accuser

EnglishEdit

 
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Alternative formsEdit

EtymologyEdit

From Middle English acuser, accusour, borrowed from Old French accusour, from Latin accusator, from accusare. Equivalent to accuse +‎ -er. Doublet of accusator.

PronunciationEdit

NounEdit

accuser (plural accusers)

  1. One who accuses; one who brings a charge of crime or fault.
    Antonym: accused

TranslationsEdit

ReferencesEdit

AnagramsEdit


FrenchEdit

EtymologyEdit

From Middle French accuser, from Old French acuser, accuser, borrowed from Latin accūsāre, present active infinitive of accūsō.

PronunciationEdit

VerbEdit

accuser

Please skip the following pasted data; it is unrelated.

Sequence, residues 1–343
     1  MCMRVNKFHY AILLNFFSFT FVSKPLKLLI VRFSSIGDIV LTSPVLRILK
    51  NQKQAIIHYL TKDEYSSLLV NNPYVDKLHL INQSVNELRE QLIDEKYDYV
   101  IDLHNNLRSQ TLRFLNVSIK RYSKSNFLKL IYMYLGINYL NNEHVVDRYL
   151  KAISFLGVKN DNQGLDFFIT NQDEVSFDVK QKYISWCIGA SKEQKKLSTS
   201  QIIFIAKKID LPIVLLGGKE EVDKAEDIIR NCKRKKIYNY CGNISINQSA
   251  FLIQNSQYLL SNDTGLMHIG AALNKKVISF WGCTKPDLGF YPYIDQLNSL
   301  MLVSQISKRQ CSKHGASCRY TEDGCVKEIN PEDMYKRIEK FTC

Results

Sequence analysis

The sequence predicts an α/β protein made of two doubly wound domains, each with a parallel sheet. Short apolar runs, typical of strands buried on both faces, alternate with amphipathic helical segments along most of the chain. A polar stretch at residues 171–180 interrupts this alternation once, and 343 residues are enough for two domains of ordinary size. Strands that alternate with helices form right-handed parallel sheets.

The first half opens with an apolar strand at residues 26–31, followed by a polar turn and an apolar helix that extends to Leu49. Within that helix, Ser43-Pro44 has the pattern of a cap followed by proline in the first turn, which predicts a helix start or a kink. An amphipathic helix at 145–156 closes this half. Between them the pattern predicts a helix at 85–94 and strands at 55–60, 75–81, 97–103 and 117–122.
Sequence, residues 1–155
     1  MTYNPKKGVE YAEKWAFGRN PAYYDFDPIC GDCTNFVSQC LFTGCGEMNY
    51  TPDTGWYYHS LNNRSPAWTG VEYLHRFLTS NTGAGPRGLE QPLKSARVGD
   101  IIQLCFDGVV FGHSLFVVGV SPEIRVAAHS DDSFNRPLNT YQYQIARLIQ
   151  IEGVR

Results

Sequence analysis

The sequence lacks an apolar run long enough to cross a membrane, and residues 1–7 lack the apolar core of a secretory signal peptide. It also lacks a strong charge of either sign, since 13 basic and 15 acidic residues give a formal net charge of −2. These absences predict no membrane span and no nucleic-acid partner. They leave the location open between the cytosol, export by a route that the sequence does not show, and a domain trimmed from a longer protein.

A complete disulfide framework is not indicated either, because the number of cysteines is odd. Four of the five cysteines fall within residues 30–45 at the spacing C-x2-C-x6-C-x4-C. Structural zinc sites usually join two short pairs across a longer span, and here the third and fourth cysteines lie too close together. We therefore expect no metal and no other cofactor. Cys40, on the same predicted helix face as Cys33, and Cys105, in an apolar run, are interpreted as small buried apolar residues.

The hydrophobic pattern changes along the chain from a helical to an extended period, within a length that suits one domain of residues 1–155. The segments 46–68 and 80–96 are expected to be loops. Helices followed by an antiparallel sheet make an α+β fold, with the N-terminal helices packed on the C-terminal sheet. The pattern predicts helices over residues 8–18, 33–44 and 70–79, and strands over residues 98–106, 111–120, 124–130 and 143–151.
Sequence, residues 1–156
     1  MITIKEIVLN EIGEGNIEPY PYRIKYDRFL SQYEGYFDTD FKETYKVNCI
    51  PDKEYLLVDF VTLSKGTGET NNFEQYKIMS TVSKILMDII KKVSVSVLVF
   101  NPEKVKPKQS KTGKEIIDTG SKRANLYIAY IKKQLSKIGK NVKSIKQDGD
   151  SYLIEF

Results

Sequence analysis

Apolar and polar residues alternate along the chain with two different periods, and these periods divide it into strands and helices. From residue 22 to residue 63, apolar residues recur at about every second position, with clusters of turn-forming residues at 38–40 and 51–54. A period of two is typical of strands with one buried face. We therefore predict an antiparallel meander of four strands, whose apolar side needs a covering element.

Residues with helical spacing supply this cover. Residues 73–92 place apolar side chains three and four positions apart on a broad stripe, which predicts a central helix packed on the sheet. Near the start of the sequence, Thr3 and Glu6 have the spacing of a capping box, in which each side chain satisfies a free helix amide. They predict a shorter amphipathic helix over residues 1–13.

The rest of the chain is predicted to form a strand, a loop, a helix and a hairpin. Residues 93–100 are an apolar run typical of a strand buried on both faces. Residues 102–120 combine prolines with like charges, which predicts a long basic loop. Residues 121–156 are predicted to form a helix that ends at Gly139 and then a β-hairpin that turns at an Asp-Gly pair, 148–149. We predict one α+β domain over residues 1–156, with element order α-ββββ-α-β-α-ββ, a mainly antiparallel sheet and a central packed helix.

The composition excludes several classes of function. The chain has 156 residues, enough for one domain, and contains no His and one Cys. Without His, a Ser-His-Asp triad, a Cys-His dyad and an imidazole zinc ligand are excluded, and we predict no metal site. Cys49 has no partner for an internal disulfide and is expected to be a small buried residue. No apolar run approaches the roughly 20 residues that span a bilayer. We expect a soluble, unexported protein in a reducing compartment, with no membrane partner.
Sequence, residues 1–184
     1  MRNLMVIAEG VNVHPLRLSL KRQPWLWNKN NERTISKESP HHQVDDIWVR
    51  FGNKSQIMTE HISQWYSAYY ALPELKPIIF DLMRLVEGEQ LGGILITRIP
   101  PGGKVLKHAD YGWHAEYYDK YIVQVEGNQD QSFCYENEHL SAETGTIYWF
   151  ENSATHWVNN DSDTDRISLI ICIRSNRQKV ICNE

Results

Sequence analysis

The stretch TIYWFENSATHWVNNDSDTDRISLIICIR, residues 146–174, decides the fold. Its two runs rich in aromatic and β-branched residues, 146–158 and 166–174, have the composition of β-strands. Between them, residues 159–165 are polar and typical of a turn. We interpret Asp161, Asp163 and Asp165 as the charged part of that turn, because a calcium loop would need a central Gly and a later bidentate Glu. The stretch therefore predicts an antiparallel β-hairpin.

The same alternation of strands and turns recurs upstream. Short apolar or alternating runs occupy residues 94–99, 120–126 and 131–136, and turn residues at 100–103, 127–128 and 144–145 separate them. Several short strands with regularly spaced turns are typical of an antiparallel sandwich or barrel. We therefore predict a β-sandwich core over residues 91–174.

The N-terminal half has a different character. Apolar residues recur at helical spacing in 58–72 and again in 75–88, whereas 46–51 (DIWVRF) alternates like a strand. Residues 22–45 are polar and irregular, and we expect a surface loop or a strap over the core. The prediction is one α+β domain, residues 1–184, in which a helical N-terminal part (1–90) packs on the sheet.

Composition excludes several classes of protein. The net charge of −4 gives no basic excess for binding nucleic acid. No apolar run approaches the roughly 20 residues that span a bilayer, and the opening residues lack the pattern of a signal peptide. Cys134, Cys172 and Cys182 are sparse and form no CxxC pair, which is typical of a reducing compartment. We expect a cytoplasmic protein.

1. (transitive) to accuse
  2. (transitive) to find fault with.
    • 1857, Gustave Flaubert, Madame Bovary, page 180:
      Emma portait sa lettre au bout du jardin... Rodolphe venait l'y chercher et en plaçait une autre, qu'elle accusait toujours d'être trop courte.
      Emma took her letter to the end of the garden... Rodolphe came and fetched it and put another in its place, which she always found fault with for being too short.
  3. (intransitive, formal) to show; to reveal.
  4. (when used with ~ réception) to acknowledge receipt of something.

ConjugationEdit

Related termsEdit

Further readingEdit


LatinEdit

VerbEdit

accūser

  1. first-person singular present passive subjunctive of accūsō

Middle FrenchEdit

EtymologyEdit

From Old French acuser, accuser, borrowed from Latin accuso, accusare.

VerbEdit

accuser

  1. to accuse

ConjugationEdit

  • Middle French conjugation varies from one text to another. Hence, the following conjugation should be considered as typical, not as exhaustive.

DescendantsEdit

  • French: accuser